The Economics Of Overexploitation

19 Apr

Back in 2007, I explained what I call “The Montgomery Burns” perspective on ocean decline:

“Keeping economics in mind, there’s arguably reason to question whether we should fret over the oceans’ dwindling and altered stocks. Human tastes are malleable, so we adapt to what industry supplies. For example, lobster and skate – traditionally the ‘poor fisherman’s dinner’ – are now featured at NYC’s finest restaurants. Thus, a boom in lower trophic level species creates newly emerging markets! When traditionally harvested species decline, there is tremendous opportunity to cash in by exploiting the next readily available critter. From Orange Roughy to algae…Why not allow every commercially viable animal possible its 15 minutes of fame? Hey, when life deals you jellyfish, make a salad! Garnish it with a fancy name, add a hefty price tag… Excellent!”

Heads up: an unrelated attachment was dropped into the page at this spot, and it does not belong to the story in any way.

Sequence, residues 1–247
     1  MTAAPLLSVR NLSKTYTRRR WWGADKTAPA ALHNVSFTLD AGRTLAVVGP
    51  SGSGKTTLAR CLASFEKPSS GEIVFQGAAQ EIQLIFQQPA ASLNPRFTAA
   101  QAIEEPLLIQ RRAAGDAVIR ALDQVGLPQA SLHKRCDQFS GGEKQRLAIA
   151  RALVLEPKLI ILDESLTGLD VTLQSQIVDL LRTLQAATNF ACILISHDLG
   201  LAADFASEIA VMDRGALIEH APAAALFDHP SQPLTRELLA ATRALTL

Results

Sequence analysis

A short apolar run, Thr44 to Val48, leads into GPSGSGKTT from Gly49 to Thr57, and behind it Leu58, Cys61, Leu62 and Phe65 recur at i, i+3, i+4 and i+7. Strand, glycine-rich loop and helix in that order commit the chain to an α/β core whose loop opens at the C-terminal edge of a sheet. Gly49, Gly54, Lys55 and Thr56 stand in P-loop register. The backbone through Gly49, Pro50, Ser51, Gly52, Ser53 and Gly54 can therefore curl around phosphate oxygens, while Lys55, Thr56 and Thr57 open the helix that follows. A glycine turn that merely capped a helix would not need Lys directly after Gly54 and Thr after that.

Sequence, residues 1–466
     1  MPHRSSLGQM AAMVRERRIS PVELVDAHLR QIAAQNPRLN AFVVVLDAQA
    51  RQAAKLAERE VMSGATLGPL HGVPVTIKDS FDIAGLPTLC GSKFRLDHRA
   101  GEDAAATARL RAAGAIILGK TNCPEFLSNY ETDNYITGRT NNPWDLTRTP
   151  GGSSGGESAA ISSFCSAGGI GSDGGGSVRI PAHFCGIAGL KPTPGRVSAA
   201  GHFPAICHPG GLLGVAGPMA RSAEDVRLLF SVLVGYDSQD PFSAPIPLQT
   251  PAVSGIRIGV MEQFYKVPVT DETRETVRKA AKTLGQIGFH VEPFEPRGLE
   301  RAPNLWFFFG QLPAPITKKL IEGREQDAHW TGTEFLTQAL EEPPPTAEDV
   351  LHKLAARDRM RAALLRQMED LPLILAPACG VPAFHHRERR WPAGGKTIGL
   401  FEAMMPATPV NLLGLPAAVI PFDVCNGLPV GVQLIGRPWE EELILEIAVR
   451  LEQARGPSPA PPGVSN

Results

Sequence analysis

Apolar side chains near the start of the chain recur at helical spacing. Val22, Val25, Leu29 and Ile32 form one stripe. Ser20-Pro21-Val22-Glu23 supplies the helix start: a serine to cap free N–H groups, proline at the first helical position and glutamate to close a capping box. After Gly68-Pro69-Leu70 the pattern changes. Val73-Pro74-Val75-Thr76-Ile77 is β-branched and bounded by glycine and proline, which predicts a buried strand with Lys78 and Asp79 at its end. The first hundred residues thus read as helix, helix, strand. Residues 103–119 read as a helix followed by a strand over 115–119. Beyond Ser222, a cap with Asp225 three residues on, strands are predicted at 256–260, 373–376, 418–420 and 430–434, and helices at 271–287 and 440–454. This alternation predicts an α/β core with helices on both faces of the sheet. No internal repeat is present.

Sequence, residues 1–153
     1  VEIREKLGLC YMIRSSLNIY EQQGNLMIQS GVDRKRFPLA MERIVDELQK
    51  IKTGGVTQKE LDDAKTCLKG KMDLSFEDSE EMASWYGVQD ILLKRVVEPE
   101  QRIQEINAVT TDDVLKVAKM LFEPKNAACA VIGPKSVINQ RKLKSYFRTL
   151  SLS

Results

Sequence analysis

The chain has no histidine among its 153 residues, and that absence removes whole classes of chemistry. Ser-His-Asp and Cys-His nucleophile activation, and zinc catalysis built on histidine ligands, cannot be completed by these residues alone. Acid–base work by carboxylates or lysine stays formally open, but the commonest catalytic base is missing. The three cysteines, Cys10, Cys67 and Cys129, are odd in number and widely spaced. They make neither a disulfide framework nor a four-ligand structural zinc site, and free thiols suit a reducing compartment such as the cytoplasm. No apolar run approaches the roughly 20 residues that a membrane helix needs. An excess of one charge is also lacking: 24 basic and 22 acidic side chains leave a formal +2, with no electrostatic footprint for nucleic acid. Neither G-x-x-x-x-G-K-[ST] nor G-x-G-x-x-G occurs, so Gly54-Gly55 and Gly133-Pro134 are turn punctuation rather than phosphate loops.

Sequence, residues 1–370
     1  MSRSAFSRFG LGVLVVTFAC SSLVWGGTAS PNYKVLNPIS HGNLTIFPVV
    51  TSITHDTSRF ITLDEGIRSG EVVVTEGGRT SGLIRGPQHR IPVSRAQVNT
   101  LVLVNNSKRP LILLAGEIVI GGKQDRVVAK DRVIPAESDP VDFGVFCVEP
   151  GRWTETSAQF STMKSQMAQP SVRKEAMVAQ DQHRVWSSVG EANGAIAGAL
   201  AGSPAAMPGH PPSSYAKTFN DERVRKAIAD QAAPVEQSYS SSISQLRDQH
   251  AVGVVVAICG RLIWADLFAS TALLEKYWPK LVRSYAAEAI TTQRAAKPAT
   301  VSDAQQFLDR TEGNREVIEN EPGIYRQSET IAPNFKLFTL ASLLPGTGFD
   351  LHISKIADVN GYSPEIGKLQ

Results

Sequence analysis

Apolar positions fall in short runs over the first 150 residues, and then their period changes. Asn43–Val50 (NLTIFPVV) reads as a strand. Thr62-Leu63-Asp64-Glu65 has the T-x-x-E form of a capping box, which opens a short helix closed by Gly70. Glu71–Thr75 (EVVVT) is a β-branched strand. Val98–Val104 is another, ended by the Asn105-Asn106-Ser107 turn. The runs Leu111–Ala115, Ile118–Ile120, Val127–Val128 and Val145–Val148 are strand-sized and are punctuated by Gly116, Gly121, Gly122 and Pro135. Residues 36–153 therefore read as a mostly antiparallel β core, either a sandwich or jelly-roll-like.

And now folks, as expected, life is dealing us jellyfish.

An article in the latest issue of the journal Hydrobiologia reports jellyfish are increasing in the majority of the world’s coastal ecosystems.

Jellyfish directly interfere with many human activities — by stinging swimmers, clogging intakes of power plants, and interfering with fishing. Some species of jellyfish are now a food source in some parts of the world.

No, it’s not news-worthy, but fisheries are going to hell in a handbasket.

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